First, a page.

Golf resort

Bet Sands Golf Resort | Herald of the Columbia Basin

BREWER — Gamble Sands Golf Resort is a direct descendant of the golf courses of yesteryear – and a worthwhile destination for Columbia Basin golf enthusiasts.

“It’s a true links-style design,” said Brian Benitz, director of sales and marketing for Gamble Sands. “It’s a throwback to the original design of golf courses.”

The course is located at 200 Sands Trail Road near Brewster. It was designed by golf architect David McLay Kidd, also known for designing the first course at the Bandon Dunes Golf Resort in Bandon, Oregon.

“(Kidd) is a genius. Everything he does is good,” Benitz said.

Gamble Sands Chief Golf Professional Brad Dorau said the resort includes the 18-hole, par-72 Sands course as well as the 14-hole Quicksands, all of which are par-3 holes. golfers from across the state.

“We’re a go-to course for a lot of golfers, especially from Seattle,” Dorau said. “As a golfer, that’s the real deal.”

There are fees to play the Sands Course and Quicksands, but it is a public course, open to all golfers.

Link design dates back to the early days of the sport of golf, when people laying golf courses had limited options when it came to moving dirt or moving trees. Traditionally, a link course was laid out near the beach, on land already suitable for golf and in an environment that was essentially devoid of trees. Deserts also lack forests, and Kidd took advantage of this fact in his design.

“You use the land you have,” Benitz said.

The Sands course is designed to work with its surroundings – prevailing winds, natural slopes, sagebrush and rabbit brush.

“It’s supposed to be open to the elements,” Bonitz said. “It’s a very minimalist design.”

“We happen to be a links-style course that’s not near an ocean,” Dorau said.

And golfers might be distracted by the view, which overlooks the confluence of the Columbia and Okanogan rivers.

“You give golfers the best views,” Benitz said.

Both the Sands course and the Quicksands are planted with fescue, a traditional link course, he said. And as part of staying true to its roots, it’s pretty easy to get around. Pioneer golfers, after all, did not have access to golf carts.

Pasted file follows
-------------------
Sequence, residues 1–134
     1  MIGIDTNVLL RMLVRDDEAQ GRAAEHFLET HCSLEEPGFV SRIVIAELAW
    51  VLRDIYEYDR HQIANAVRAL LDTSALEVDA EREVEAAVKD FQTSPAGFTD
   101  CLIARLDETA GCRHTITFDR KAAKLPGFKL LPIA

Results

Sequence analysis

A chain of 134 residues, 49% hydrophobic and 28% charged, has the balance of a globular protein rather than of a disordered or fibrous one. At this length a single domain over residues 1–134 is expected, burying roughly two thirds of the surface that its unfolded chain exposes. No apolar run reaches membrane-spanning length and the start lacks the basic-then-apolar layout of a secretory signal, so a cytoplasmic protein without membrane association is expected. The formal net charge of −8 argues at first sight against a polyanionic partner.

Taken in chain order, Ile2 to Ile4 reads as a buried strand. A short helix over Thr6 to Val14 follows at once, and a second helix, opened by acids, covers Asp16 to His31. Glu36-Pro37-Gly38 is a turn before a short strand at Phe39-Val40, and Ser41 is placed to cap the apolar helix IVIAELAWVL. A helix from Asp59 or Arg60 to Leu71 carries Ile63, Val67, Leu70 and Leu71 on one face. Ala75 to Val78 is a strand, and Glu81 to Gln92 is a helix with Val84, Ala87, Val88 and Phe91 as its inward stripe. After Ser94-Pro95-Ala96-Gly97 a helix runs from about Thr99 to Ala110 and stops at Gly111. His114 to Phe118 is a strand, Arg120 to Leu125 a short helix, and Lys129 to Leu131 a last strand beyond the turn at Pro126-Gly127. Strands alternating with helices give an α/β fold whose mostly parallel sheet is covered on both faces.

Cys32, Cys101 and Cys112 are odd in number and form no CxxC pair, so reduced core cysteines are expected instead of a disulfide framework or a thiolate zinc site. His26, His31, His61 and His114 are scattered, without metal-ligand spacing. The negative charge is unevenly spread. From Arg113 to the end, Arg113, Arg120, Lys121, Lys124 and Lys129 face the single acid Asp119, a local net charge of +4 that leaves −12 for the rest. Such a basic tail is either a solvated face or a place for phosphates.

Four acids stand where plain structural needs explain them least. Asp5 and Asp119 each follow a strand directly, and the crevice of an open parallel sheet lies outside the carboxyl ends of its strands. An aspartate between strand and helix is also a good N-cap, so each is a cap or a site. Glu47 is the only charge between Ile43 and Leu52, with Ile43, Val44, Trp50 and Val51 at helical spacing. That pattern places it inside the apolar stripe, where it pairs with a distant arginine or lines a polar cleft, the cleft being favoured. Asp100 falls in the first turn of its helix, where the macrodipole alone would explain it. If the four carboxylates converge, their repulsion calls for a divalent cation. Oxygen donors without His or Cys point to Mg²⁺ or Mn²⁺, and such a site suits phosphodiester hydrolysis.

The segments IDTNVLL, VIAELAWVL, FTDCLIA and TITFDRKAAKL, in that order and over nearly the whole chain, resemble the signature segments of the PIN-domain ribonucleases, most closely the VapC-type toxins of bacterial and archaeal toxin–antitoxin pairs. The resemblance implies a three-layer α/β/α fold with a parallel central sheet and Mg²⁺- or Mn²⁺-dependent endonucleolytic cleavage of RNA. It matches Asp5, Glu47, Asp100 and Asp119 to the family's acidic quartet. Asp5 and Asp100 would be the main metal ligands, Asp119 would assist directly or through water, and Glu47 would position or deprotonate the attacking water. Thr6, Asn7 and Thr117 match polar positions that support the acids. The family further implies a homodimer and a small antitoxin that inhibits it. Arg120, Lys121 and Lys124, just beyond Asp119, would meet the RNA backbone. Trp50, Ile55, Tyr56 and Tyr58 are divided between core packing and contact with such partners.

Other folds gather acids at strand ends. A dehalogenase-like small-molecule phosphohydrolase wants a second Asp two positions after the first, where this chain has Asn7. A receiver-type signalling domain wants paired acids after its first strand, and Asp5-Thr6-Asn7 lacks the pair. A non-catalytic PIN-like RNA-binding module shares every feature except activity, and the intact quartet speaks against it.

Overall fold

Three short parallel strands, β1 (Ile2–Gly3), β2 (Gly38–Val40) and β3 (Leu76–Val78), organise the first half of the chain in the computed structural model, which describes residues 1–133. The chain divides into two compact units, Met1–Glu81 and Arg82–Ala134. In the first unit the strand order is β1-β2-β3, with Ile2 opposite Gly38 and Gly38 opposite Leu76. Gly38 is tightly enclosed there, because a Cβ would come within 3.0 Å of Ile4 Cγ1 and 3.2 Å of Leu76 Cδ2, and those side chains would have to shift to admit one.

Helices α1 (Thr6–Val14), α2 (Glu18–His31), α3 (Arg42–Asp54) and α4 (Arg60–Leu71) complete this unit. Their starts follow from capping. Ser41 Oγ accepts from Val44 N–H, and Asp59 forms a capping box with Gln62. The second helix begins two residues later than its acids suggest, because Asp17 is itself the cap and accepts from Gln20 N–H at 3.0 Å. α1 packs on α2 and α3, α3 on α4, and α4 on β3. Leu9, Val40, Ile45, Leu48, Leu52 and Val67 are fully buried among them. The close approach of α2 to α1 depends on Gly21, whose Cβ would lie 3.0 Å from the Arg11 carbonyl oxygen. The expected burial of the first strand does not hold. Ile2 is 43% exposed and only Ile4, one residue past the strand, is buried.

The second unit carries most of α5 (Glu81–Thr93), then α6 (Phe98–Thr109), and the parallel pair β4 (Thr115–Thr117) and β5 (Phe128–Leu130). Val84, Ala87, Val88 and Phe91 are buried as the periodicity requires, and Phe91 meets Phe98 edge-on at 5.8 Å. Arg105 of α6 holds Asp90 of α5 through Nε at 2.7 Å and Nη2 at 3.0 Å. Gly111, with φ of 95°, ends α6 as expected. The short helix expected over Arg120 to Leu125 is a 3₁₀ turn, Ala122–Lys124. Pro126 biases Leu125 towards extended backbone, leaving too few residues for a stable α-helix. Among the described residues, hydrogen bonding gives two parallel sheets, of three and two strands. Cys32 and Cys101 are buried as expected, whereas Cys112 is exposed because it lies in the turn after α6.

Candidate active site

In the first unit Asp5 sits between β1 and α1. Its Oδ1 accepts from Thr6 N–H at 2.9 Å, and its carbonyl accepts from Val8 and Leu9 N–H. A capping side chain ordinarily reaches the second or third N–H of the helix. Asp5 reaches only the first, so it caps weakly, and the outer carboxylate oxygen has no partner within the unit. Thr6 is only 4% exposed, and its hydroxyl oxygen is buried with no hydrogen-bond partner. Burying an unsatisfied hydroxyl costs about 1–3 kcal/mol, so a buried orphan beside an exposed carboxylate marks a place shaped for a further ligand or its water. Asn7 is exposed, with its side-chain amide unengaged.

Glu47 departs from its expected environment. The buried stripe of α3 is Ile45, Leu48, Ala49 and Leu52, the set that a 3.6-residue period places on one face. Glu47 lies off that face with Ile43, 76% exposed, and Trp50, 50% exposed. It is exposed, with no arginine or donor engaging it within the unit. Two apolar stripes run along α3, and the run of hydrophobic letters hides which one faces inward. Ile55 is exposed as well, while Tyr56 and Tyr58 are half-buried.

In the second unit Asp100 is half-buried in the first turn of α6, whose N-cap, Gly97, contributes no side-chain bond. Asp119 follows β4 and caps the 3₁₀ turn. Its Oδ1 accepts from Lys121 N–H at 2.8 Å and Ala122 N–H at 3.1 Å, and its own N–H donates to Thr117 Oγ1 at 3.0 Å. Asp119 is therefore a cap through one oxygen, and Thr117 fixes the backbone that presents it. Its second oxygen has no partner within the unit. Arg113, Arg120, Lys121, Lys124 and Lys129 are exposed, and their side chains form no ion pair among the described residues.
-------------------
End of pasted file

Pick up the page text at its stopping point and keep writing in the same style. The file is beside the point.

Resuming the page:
“It’s supposed to be walkable,” Benitz said.

The Quicksands, being all par-3 holes, are faster for most golfers to play, Dorau said.

“It’s great for kids,” he says.

Benitz said the Quicksands show a hallmark of a Kidd-designed course, which is that he wants golfers to have fun. Neither the Sands course nor the Quicksands will make a golfer consider giving up the game.

“We are considered to be on the friendlier side of the game,” Dorau said.

The Sands course features wide fairways, large greens and slopes that roll towards the hole rather than away from it.

“The average player will have a lot more good rebounds than bad ones here,” Dorau said.

The resort also has an 18-hole course, the Cascade Putting Green, which golfers can play for free, Benitz said.

Gamble Sands has a 37-room hotel, but there is no residential or commercial development around the course. Benitz said he thinks that’s part of the appeal of the course.

“It’s almost like playing golf in a national park,” he says.

Many Gamble Sands golfers come from the Puget Sound area, Dorau said, come to play the course and stay a night or two. Benitz said many golfers who come to Gamble Sands visit the courses in north central Washington.

There is usually a restaurant where there is a hotel, and Gamble Sands has the Danny Boy Bar and Grill.

The Quad City area is apple, wheat and cattle country, and the menu reflects that. Cherries from the Quad City orchards are featured in season and apples are featured in desserts. Some of the meat served comes from Gebbers Cattle, owned by the resort owners.

“We use a local menu when we can,” Benitz said.

Cheryl Schweizer can be reached at